UFC 161 “Henderson vs. Evans” prelims preview

June 6, 2013

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UFC 161 “Henderson vs. Evans” prelims preview



Alexander Lee – In just two years, the once indomitable Jake Shields has gone from dueling Georges St-Pierre in front of a crowd of over 55,000 people in Toronto to the main event of the preliminary card, a time when everyone is still settling into their seats.  The circumstances speak to the depth of the welterweight division; not only how difficult it is to stay on top, but that the UFC can afford to use high-calibre fighters like Shields on free TV to entice last minute PPV buys.

UFC 161 preliminaries will be airing live on Facebook starting at 6:35 PM EST and continuing on Sportsnet at 8:00 PM EST.

5 of the 6 preliminary bouts feature Canadian fighters: Haitian born Yves Jabouin (Montréal), Mitch Clarke (Saskatoon), Roland Delorme (Winnipeg), Sean Pierson (Toronto), and Sam Stout (London)

Entering his 12th career fight, Clarke (0-2 UFC, 9-2) has never fought outside of Canada and he’s also yet to record a UFC win in two tries.  The going only gets tougher in his third attempt as he faces off with British welterweight transplant John Maguire (2-2 UFC, 18-5), who is also looking to snap a two fight losing streak.

Delorme (2-0 UFC [1 NC], 8-1 [1 NC]) has emerged as legitimate threat in the bantamweight division.  It’s no secret that he wants to get the fight to the ground as quickly as possible and while that may sound one-dimensional, that one dimension has been pretty darn effective so far.  A painful first round loss to Francisco Rivera was erased when Rivera failed a drug test, but it was still a valuable experience for Delorme who now gets a chance to show how much he learned from it when he meets Edwin Figueroa (2-2 UFC, 9-2).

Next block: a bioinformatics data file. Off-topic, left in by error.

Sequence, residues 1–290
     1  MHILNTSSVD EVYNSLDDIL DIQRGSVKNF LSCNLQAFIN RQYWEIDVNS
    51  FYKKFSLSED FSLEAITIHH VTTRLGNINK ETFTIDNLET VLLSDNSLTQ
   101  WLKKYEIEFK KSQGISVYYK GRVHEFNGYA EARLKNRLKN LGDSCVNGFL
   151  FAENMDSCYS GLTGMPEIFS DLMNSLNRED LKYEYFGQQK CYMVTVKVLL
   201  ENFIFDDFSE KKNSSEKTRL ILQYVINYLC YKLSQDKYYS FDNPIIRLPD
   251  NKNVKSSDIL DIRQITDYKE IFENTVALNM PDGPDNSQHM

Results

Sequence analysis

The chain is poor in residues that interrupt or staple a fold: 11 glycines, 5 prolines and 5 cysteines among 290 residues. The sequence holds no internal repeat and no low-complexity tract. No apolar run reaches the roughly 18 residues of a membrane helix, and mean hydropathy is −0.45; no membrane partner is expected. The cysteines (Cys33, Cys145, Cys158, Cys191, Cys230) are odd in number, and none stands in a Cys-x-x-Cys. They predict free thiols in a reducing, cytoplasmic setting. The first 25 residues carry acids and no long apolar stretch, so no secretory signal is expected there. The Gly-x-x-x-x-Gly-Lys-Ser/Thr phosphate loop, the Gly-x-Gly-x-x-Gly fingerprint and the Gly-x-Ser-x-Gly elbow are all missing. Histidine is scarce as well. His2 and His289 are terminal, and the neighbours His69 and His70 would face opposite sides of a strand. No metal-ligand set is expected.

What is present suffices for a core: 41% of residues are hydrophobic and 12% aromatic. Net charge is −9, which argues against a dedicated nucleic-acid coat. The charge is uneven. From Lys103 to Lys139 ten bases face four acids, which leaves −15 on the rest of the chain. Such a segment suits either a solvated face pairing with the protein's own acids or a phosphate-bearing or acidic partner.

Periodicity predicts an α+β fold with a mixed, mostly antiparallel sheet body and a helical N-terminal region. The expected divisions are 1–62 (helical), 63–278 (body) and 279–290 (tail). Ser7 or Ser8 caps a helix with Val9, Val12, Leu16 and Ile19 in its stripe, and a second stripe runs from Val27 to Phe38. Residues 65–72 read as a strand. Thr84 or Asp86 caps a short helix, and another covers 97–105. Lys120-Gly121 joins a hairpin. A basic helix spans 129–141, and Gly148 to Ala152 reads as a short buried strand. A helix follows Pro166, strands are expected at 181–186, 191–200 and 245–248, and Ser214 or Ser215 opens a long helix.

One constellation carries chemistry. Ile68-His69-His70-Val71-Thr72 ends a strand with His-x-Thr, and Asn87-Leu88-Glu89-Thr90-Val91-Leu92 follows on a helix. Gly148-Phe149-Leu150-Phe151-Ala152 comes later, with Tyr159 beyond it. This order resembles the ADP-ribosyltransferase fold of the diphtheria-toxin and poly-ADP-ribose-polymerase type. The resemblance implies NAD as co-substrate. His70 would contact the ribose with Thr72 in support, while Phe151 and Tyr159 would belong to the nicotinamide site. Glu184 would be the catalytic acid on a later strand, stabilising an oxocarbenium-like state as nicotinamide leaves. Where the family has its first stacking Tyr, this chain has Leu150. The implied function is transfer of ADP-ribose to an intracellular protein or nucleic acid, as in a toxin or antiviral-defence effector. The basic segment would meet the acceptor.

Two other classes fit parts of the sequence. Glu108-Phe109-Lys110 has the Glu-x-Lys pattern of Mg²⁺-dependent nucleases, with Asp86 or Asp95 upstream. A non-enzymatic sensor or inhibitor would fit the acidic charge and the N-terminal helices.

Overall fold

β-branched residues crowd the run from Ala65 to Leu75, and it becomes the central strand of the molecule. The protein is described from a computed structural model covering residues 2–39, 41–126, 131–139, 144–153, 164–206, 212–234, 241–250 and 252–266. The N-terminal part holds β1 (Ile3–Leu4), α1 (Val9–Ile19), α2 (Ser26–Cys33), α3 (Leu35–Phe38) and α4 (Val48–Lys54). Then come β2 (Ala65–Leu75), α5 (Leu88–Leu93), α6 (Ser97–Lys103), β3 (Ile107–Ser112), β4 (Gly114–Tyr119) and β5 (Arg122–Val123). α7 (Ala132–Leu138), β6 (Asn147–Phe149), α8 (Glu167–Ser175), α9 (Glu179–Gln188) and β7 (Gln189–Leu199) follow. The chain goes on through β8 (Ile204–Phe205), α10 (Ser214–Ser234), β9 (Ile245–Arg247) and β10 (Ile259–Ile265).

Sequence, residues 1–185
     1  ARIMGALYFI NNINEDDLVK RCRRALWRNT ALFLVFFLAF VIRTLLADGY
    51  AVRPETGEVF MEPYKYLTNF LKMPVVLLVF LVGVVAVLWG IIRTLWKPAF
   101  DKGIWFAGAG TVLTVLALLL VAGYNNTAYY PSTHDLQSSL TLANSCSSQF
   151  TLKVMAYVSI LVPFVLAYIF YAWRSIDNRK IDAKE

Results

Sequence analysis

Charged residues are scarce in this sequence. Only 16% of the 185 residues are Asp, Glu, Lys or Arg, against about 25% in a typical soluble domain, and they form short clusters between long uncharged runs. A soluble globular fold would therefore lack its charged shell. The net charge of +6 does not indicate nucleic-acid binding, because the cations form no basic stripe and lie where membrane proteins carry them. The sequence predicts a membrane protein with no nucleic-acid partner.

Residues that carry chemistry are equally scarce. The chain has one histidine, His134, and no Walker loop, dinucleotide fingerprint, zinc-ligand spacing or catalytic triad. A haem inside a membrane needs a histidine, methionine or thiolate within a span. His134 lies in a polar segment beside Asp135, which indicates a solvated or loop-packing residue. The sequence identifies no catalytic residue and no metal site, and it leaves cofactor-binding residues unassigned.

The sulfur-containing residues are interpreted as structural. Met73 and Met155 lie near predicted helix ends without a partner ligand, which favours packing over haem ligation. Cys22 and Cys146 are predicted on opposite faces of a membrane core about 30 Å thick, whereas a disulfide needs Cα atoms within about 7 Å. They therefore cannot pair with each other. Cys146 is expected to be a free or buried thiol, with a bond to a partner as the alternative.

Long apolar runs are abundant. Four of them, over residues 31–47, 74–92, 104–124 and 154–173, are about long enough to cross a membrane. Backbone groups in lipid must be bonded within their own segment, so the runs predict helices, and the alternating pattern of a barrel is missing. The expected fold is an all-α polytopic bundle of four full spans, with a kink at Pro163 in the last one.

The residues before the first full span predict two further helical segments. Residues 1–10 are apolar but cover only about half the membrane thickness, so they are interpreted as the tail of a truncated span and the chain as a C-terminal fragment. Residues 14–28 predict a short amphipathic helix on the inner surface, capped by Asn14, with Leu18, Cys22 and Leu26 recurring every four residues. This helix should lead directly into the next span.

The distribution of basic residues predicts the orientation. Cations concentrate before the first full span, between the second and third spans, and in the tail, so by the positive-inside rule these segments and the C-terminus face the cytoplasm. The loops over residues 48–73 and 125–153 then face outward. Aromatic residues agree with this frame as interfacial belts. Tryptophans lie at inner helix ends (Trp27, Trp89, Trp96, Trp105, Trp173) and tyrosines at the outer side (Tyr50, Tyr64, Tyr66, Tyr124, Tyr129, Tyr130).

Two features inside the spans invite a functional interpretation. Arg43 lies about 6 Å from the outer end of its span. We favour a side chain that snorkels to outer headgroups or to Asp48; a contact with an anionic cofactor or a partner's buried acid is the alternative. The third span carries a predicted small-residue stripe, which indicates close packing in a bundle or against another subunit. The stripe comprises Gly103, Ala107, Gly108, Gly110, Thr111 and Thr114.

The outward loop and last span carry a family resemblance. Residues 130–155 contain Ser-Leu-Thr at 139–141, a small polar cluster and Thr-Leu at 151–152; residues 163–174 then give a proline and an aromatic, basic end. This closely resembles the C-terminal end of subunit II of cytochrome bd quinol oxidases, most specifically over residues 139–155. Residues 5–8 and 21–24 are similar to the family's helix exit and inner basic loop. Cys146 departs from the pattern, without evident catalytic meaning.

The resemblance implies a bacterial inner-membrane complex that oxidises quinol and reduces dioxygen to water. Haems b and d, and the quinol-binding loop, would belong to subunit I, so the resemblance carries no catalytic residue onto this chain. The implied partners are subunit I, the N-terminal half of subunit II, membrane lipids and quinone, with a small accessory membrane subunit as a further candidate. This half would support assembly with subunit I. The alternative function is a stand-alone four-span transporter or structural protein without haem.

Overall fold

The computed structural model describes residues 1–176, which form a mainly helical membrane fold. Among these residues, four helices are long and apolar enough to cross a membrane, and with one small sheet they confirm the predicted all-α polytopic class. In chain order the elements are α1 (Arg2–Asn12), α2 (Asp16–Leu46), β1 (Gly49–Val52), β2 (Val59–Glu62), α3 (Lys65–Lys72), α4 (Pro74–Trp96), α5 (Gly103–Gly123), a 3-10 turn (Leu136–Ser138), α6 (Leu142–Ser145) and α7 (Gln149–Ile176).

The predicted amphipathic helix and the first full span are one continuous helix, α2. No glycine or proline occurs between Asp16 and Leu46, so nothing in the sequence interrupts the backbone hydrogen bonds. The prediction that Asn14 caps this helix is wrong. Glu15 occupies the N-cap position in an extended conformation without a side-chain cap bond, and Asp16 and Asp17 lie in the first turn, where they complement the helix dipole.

In his first UFC appearance, Pierson (3-2 UFC, 13-6) looked so good against Matt Riddle that he may have inadvertently created unrealistic expectations for himself.  A dream booking in his hometown turned into a nightmare when Pierson’s original opponent was replaced by Jake “The Juggernaut” Ellenberger.  Coming off that loss, Pierson was booked to face perennial top 10 welterweight Dong-Hyun Kim, another fighter who was too much for Pierson at that point in his career.  He’s won two straight since then and looks to add to that with a victory over Kenny Robertson (1-2 UFC, 12-2).

 

Three matches to keep an eye on:

 

On Facebook:

Bantamweight bout: Yves Jabouin (3-2 UFC, 1-2 WEC, 18-8) v. Dustin Pague (1-3 UFC, 11-7)

At a glance, this looks like a nice opportunity for “Tiger” to bounce back from a tough KO loss at the hands of Brad Pickett.  I feel that the UFC isn’t doing him any favours by matching him up with a hungry fighter like Pague, who is going to be competing as if his livelihood depends on it (which it probably does).  Pague is well liked by the company (a result of having fought three times in three months last year) but they can’t keep him around if he doesn’t end up on the right side of a decision and soon.

Jabouin has a knack for targeting his opponent’s weaknesses, a skill that might not be necessary against the scrappy Pague.  The old adage “be first” will be important here as Pague will try to muck things up so as not to give Jabouin any time to implement a game plan.  Jabouin had a lot of trouble with Walel Watson, a long and lanky fighter similar to Pague, so it will be important to see what adjustments he’s made to be able to close the distance and do some damage.

 

On FX: